Have you ever wondered about what is the difference between a chapter 7 and a chapter 13 bankruptcy? This post will help clear up the confusion!
DO NOT take the information to follow as legal advice! Before making any decisions, you should consult an experienced, licensed bankruptcy attorney.
Chapter 7 bankruptcy is a liquidation form of bankruptcy.
This means all of your non-exempt assets get sold and the proceeds are shared amongst your unsecured creditors.
However, many of your assets will be classified as "EXEMPT", and will not have to be sold if they fall under the following guidelines: (again, these change all the time, so make sure you consult a licensed bankruptcy attorney!)
Few examples of exempt assets:
|Tools of Trade||$5,000-$10,000|
|Household Goods||$3,000 per Household|
|One Pistol and One Rifle or Shotgun||$1,000 per person|
|Qualified Retirement Accounts||All|
|Your Home||$40,000/$50,000 if jointly owned|
|College Savings Account||100%|
How do you value your property?
The rule of thumb is to use garage sale prices, although current events can cause certain items’ value to sky rocket and the Trustee will sell it for what he or she can receive and not what you think it is worth.
It is important to know which debts get discharged in a Chapter 7 bankruptcy and which will remain after filing.
After the bankruptcy completes (which is usually 4 months if there are no non-exempt assets or a minimum of 10 months if there are non-exempt assets) you receive a discharge. This means you are no longer responsible for paying those dischargerable debts.
In most cases, a Chapter 7 bankruptcy is more attractive than Chapter 13 because it is much shorter time commitment and you don’t have to give up all future disposable income for 3-5 years.
But what if you do not qualify for a Chapter 7?
Then you would most likely file for a Chapter 13 bankruptcy.
A Chapter 13 bankruptcy involves paying your creditors back over a period of 3-5 years. You take your monthly expenses away from your monthly income, what is left over is called disposable income.
The entirety of that disposable income, a minimum of $100 will get paid to your unsecured creditors.
At the conclusion of your 3-5 year period, what they have received is all that they get and the rest of the unsecured debt is discharged. If you pay your creditors back in full prior to the 3 to 5 years finishing, than your case closes since there is no longer any debt to administer.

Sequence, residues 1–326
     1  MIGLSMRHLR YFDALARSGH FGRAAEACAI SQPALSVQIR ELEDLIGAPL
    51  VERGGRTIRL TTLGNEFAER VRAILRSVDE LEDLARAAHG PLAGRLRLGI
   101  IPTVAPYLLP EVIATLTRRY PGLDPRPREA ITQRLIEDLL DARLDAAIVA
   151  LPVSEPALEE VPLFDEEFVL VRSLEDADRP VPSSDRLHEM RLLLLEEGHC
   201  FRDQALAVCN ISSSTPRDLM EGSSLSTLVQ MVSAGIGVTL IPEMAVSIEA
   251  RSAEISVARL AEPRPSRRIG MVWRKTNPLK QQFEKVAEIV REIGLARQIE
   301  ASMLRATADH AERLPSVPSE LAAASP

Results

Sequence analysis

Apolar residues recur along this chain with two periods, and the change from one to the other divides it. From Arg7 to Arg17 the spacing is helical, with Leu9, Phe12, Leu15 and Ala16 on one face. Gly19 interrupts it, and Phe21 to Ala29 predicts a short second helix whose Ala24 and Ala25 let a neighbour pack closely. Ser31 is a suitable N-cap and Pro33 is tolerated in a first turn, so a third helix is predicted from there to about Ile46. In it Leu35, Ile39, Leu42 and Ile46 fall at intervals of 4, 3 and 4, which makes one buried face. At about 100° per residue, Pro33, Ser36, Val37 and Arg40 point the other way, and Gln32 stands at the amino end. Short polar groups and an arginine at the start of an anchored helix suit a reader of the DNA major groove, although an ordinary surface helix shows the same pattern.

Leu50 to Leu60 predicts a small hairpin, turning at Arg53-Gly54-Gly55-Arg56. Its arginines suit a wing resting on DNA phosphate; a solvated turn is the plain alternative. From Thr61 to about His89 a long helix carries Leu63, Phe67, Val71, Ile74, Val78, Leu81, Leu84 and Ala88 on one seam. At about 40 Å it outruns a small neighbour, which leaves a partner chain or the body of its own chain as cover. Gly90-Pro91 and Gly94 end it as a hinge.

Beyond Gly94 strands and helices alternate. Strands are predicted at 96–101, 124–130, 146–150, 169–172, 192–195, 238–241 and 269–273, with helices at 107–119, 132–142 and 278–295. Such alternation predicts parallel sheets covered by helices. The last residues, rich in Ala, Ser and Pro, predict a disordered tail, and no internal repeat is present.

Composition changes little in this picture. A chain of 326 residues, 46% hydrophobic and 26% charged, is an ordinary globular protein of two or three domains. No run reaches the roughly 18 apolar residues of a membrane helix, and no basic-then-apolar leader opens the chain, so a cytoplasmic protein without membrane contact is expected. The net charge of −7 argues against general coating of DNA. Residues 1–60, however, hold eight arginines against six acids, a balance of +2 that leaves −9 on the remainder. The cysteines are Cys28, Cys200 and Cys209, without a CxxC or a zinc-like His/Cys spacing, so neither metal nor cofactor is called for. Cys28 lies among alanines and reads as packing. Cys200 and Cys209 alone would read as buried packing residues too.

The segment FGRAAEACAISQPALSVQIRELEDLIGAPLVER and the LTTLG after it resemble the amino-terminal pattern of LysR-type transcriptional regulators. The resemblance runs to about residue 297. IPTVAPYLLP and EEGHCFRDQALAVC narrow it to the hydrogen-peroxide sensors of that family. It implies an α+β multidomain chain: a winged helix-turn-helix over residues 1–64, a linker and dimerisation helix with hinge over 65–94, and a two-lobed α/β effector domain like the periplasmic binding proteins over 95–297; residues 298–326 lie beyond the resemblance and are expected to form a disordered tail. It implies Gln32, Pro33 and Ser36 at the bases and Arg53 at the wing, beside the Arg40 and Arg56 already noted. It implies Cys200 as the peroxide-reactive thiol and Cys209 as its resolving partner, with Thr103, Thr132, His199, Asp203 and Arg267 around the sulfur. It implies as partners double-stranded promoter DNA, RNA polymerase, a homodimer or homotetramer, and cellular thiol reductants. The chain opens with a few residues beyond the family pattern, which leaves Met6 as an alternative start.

You only want to file a Chapter 13 bankruptcy if either you can’t use Chapter 7 or a Chapter 13 would give you an advantage. A Chapter 13 must be used if you make too much money under the means test to qualify for a Chapter 7 bankruptcy or you have filed a Chapter 7 bankruptcy within the last 8 years.
You gain an advantage from filing a Chapter 13 bankruptcy if you need to catch up on back mortgage payments or you have certain tax or domestic support debts. There are other reasons to file a chapter 13 and I would strongly recommend consulting a licensed bankruptcy attorney if you are contemplating filing.
One last important difference between these two chapters of bankruptcy is what happens if you want to quit the process.
A Chapter 13 bankruptcy is a form of voluntary repayment, which you can stop at any point. There will be no penalty, just all the debts will once again come due and you will have lost the protection of the automatic stay.
A Chapter 7 bankruptcy is a liquidation form of bankruptcy and once initiated continues until the Trustee is finished. This is true even if you voluntarily give up your right to a discharge, fail to make a payment, or fail to take the required classes. You have the right to give up your discharge, but that does not prohibit the Trustee from continuing to administer your estate and sell your non-exempt belongings.
Bankruptcy should only be filed if you are aware of the risks and benefits. Most bankruptcy attorneys offer free one hour initial consultations, I’d urge you to call one in your area before deciding which chapter to file.
Are there alternatives to bankruptcy?
Yes. You may qualify for:
Call today for a FREE CONSULTATION.
Written by Noah Bishop of Gresham Family & Bankruptcy Law